It was dark, hot, and late. It was long after midnight. Even some of the all-night convenience stores were closed. The Celtics' 6-point Game 2 win was in the books, I was scheduled to fly out of Boston at 6:39 a.m., and there was nowhere to go and nothing to do until Logan opened for business.
It seemed like a good time to take a walk through an empty Faneuil Hall marketplace. The bars were closed, the crowds long gone, and there was no sign of life save for a couple of pigeons cooing and pecking at some spilled popcorn.
I strolled through the arcade between the Quincy Market building and the South Market and took a seat next to the bronze statue of the bald guy with the cigar wedged into the fist of his right hand.
"What a night," I said to myself, staring across the brick walkway.
"No fooling. I had this thing all lit up when we were up by 24, then those damn Lakers came back and cut it to 2."
I looked around. I felt like Ray Kinsella walking through his cornfield, or Dorothy after she heard the voice of the scarecrow. Was this the statue talking. Was it really the voice of the Celtic godfather?
"That you, Red?" I asked the statue.
"Yeah," he said. "Thanks for stopping by. Larry Bird teased me when this statue was dedicated - saying I'd be here all alone with pigeons sitting on my head - and he was right. There's people here all day long, taking pictures, girls sitting in my lap, all that stuff. But at night it gets pretty lonely."
"Wow," I said, shaking my head, no longer noticing how much I was sweating in the humid darkness. "It's good to talk with you again, Red. We've all been thinking about how great it would be if you had lived to see this. I mean, they dedicated the season to you last year and only won 24 games. Now this. A chance for a championship. Against the Lakers. You've got to be loving this."
"You bet your ass I'm loving it. It's been a long, long time. We never really recovered after the Len Bias thing, you know. Then Reggie died and that weasel Pitino came in and took me off the masthead and Stern put the screws to us to make sure we stayed down as long as possible. It hasn't been easy, I'll tell you."
He was rolling. It seemed like a good time to ask a Phil Jackson question. Asking Red about Jackson was always like asking Don Zimmer about Glenn Ordway.
"Did you hear Jackson complaining about the officials tonight?" I ventured.
"You're [expletive] right I did. Typical crybaby. I never liked the guy. We got off to a bad start because he played for the Knicks. Then he started winning championships - only because he inherited great teams that had already been assembled. Jordan got him six rings. Then he goes to LA and wins with Shaq and Kobe. How tough is that? Now he's tied with me with nine championships and I need Doc and my guys to stop him.
"Hey, I retired from the bench when I was 48. Do you know how many championships I could have won if I'd stuck around? I remember when everybody made a big deal out of Jose Canseco being a 40-40 guy - 40 homers and 40 steals. And Mickey Mantle said, 'Heck, if I knew they were gonna make a big deal out of that, I'd have done it every year.' Well, that's me and Jackson right there.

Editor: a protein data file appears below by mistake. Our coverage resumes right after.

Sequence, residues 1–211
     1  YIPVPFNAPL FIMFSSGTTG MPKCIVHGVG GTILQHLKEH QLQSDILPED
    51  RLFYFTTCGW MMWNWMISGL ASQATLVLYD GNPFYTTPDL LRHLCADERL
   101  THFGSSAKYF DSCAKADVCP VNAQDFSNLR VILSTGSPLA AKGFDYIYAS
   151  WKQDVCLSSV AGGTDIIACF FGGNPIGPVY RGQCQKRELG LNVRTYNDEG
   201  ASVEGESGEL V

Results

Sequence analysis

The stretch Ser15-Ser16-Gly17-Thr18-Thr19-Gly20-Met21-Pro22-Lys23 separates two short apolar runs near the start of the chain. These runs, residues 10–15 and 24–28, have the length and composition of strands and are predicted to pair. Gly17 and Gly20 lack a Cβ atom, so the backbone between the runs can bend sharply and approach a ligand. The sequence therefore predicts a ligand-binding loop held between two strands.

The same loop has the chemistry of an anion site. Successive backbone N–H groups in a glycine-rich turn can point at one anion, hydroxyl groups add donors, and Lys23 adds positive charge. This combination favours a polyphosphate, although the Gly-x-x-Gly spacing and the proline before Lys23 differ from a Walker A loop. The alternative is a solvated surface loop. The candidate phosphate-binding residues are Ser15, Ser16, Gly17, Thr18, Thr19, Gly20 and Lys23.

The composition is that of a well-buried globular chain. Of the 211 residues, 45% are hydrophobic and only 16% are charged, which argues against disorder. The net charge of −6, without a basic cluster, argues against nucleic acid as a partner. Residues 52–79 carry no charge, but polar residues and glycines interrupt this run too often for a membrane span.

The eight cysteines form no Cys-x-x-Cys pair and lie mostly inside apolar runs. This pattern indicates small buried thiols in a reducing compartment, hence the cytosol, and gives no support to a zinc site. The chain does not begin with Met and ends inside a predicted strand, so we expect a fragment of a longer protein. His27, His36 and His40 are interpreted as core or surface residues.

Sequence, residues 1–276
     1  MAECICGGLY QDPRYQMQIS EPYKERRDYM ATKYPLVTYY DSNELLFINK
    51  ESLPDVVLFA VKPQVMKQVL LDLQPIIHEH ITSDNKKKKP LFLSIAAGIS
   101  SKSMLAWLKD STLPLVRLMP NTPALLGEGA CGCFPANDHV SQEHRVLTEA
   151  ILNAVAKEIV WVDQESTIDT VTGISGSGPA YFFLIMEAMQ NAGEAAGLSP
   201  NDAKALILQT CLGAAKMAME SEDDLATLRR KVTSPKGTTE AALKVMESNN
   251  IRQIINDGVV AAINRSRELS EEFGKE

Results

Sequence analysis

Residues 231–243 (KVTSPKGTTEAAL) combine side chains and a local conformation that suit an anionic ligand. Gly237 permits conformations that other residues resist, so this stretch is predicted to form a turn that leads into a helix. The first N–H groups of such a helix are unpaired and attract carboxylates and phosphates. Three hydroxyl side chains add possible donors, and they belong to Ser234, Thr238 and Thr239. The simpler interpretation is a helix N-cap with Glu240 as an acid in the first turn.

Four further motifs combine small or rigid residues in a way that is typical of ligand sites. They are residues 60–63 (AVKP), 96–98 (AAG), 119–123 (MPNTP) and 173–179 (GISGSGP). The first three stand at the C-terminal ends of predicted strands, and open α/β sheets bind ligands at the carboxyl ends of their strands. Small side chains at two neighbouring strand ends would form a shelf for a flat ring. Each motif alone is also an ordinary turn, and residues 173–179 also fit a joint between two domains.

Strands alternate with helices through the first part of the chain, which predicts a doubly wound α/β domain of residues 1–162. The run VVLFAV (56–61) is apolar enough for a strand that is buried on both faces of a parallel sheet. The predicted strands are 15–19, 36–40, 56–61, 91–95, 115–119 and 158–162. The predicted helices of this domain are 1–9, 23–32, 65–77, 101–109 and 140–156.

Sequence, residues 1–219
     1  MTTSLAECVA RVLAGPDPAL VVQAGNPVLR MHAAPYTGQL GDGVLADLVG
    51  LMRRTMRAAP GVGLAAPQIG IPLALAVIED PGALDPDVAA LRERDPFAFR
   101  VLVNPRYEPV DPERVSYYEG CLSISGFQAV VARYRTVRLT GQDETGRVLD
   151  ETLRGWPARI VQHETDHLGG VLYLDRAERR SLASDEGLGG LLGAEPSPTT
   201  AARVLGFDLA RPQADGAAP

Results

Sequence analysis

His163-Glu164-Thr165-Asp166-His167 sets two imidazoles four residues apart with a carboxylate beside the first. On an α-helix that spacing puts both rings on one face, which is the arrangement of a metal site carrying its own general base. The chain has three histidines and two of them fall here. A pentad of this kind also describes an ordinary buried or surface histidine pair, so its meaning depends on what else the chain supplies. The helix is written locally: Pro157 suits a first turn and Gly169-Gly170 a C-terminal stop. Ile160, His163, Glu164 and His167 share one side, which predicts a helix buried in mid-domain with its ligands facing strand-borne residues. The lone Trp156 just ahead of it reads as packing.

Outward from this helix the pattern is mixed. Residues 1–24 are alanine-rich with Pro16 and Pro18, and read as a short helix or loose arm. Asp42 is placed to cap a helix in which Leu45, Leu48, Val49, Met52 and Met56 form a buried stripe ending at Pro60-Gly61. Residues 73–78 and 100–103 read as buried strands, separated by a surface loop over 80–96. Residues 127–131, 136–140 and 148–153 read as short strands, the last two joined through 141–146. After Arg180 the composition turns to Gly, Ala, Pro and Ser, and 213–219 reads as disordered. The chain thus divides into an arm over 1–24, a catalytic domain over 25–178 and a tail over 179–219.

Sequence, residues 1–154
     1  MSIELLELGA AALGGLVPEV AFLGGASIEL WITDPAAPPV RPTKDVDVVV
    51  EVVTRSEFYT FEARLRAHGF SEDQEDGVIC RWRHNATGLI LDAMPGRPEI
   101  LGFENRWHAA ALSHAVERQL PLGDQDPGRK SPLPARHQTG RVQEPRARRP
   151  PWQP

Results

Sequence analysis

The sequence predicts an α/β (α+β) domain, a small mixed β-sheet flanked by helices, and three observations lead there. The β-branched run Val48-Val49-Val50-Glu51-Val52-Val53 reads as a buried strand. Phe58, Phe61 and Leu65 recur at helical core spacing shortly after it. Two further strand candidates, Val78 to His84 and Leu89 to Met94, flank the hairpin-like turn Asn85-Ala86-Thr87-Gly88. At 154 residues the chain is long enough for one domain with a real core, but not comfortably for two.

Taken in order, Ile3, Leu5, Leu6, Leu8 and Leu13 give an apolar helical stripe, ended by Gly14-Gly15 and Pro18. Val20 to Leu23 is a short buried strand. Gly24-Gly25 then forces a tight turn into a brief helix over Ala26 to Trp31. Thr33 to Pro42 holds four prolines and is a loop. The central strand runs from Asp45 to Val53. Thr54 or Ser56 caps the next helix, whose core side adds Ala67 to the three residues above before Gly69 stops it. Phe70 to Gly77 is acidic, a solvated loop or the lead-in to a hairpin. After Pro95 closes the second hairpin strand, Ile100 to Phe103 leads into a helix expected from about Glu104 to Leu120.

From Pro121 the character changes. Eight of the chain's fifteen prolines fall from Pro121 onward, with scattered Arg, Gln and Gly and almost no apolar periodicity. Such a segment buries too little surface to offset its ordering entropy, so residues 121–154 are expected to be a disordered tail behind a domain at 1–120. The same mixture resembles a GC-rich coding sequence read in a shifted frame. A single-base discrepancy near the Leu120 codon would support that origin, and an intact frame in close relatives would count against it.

"And now he's complaining about his team not getting to the free throw line. It's their own fault. They're soft! Try getting dirty one time. How 'bout a couple of floor burns? Did you see how many times we picked up an offensive rebound - off the floor? Jackson's got no beef with officials. He should go back and look at some film and see what Sid Borgia and Mendy Rudolph used to do to us."
"What else you got, Red?"
"Well, this series brings back a lot of memories for me. I think we can win it in LA, just like in '63 when Cooz dribbled out the clock at the old Sports Arena, and in '68 and '69 at the Forum. Remember all those damn balloons Jack Kent Cooke hung in the ceiling of the Forum? We always loved winning championships in LA and I see no reason we can't do it again.
"This kid Garnett reminds me of Russell at the defensive end. Great intensity. Pierce is a scorer as good as any I had, and Ray Allen shoots it like Sam Jones. I like what Danny's done with the bench, too. He's got good role players. Bringing in P.J. Brown reminds me a little of when I got Clyde Lovellette for some bench help at the end of his career in 1963-64.
"Oh, one last thing. I heard Stern saying I was in favor of this 2-3-2 format for the Finals. That's bull [expletive]. I was fine with the way it was when we beat the Lakers in '84 and I was the first to say that the 2-3-2 hurt us when we earned home court again in '85. We had to play Game 5 in Los Angeles. It's a horse [expletive] system and I never liked it from day one."
"Thanks, Red," I said as I stood up, grabbed my bag, and started for the street in search of a cab.
I looked back only once, and when I did, Red wasn't moving or talking. He was just . . . a statue. But I'm pretty sure I saw a wisp of smoke flutter from the tip of the bronze cigar in his hand.
Dan Shaughnessy is a Globe columnist. He can be reached at firstname.lastname@example.org.